Grassroots Actions are Key for Peace in the Holy Land
Guest post by Dr. Frank Romano, December 7th, 2016
I sincerely believe that one of the keys to peace in the Middle is through grassroots efforts to organized interfaith dialogues, to bring people together when politicians, many religious leaders tend to tear them apart chasing their silver linings. The success of these efforts is directly proportional to the results of the dialogues which are designed to open up people’s hearts to each other, to help them overcome years of negative programming derived from the fear and hate exacerbated by ignorance of each other’s culture and religion. To illustrate that, I use an example of a typical interfaith dialogue I lead that could take place either in Israel or in the West Bank:
During one session, Jews, Muslims and Christians (sometimes they are orthodox, sometimes liberal practitioners) are sitting next to each other in a circle. They were breaking bread together and drinking tea or eating humus. After an hour, I asked Jacob the Jew to tell me about Muhammad, his orthodox Muslim neighbor or visa-versa. He responded by saying they are talking which, coming from isolated unmixed villages in Israel, is new to them. He added that they have something in common in that their children go to the same school in a third village. The Jew and the Muslim, in their discussion, instead of talking about divisive subjects like religion or politics, they talk about everyday things, like the price of lunch at school has increased, or the history teacher is weird, etc. They were really bonding, becoming friends. Then I asked Sam the Christian what he thought about the group and he responded that he had invited Jacob and Muhammad to experience Christmas with him and his family in December, that they were all going to break the Ramadan fast at Muhammad’s house tonight and would attend Chanukah festivities with Jacob.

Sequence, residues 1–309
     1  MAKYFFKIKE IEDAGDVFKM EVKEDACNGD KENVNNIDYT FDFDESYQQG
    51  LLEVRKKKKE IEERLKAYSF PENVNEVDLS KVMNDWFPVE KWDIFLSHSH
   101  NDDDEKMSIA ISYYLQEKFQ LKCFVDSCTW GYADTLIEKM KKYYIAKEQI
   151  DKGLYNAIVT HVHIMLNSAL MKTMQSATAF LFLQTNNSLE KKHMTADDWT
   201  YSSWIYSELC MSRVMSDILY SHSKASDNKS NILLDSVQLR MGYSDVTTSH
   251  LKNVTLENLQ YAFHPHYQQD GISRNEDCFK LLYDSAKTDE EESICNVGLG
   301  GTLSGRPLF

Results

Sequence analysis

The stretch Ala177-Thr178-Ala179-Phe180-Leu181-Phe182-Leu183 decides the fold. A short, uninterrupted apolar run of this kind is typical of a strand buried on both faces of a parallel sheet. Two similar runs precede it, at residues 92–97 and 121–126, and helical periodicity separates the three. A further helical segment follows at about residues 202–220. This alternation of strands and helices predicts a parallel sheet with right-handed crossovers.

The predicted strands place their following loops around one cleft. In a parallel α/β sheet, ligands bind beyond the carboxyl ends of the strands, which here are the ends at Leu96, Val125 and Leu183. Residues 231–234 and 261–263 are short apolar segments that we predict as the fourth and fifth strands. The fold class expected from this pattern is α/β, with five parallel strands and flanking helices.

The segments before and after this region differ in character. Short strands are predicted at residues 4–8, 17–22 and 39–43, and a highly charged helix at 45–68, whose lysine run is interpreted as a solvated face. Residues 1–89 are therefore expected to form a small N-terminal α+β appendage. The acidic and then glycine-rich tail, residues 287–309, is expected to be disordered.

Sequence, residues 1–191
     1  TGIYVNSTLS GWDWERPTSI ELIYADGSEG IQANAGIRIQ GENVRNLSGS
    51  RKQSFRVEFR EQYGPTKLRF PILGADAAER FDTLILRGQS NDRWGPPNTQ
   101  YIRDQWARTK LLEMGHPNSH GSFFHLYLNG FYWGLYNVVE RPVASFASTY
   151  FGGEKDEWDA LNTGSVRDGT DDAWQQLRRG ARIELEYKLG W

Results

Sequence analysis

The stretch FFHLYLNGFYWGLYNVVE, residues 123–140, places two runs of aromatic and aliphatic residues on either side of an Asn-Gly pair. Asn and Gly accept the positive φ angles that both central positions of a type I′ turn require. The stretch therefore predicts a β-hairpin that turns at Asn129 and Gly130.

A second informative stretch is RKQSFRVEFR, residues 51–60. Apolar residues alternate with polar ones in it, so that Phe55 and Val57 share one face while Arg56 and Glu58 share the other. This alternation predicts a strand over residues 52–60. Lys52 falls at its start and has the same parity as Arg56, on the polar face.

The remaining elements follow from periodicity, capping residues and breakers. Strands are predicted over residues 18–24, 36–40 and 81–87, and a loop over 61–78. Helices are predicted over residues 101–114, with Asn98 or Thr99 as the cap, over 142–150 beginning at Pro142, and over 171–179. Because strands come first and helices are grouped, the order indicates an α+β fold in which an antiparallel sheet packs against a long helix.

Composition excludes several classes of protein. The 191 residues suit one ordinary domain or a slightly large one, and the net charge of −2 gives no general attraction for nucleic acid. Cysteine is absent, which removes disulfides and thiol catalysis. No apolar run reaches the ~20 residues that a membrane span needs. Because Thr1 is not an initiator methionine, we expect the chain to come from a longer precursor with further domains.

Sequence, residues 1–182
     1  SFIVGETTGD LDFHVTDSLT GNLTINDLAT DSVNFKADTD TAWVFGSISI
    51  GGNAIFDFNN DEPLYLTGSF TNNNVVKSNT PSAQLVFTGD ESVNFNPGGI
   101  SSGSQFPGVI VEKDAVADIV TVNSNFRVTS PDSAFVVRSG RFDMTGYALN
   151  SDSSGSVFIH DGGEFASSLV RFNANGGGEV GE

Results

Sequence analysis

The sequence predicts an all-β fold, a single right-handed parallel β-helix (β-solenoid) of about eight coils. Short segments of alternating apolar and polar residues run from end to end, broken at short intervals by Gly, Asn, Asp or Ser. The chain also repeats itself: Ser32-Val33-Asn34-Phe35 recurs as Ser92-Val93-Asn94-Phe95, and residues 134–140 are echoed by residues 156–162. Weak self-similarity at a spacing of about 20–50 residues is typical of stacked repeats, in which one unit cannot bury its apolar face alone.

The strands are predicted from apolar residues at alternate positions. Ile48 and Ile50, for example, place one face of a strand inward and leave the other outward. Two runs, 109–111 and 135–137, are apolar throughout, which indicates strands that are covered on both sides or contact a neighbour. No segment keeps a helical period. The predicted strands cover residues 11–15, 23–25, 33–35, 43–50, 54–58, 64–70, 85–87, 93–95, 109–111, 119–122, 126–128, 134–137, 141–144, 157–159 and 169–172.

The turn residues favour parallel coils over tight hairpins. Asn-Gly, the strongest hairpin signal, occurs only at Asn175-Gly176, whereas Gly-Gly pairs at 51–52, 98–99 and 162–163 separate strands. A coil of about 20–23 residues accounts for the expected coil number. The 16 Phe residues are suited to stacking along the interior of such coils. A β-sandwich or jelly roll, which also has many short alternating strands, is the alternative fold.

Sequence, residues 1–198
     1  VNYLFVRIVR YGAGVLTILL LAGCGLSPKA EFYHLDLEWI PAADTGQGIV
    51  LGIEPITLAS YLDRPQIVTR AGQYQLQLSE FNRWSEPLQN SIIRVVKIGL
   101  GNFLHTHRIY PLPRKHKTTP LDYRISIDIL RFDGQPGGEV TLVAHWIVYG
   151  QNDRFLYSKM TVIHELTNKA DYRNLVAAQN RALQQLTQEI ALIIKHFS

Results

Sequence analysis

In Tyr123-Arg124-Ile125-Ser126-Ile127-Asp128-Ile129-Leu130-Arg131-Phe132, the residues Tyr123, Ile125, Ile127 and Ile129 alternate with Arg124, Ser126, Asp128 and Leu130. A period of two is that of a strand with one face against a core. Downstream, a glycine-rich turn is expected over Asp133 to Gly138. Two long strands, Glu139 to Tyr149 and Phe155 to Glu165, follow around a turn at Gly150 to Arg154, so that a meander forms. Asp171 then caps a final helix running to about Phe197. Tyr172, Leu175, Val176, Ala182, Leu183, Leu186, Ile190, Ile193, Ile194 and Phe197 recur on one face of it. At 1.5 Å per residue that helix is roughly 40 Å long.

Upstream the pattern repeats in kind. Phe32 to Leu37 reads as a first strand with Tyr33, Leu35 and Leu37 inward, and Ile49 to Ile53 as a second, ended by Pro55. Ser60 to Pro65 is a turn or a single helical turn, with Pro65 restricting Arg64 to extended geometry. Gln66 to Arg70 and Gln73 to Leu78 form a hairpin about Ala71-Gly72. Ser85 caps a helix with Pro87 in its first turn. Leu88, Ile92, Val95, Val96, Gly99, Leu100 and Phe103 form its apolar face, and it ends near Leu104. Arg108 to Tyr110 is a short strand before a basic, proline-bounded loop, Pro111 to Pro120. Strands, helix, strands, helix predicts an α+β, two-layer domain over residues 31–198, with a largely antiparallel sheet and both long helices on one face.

However, he said there was a problem. Jacob’s and Muhammad’s religion are taking him down the wrong path because they don’t believe in Jesus as their savoir. That opened the “Pandora’s Box” on the topic of religion. Muhammad interrupted and stated that the Jews and Christians didn’t accept Muhammad as an important prophet and then Jacob opened up his Torah and claimed non-Jews don’t accept the importance of Moses and Abraham as the principle prophets. During the discussion that followed, they implied that they don’t share the same God and that they were going to heaven but not those from other religions.
As the facilitator of the dialogue, I didn’t judge any of them. I opened up my Torah (first five chapters of the Old Testament), the New Testament and the Qur’an and lead the following discussion on comparing the main principles and philosophies found in those writings. After an hour discussion, most of the members of the dialogue are surprised to learn that all the texts reflect many similar principles, such as the belief in one God, thou shalt not kill, the obligation to help the poor, treat your neighbor with respect. . .etc.
After an hour discussing that, I asked the group another question, this time focusing my attention on the Christian as he views his Jewish or Muslim neighbor.
“Since there are so many similarities among those sacred writings, do you think it is possible you may share the same God? After a short discussion, many members now say it is possible.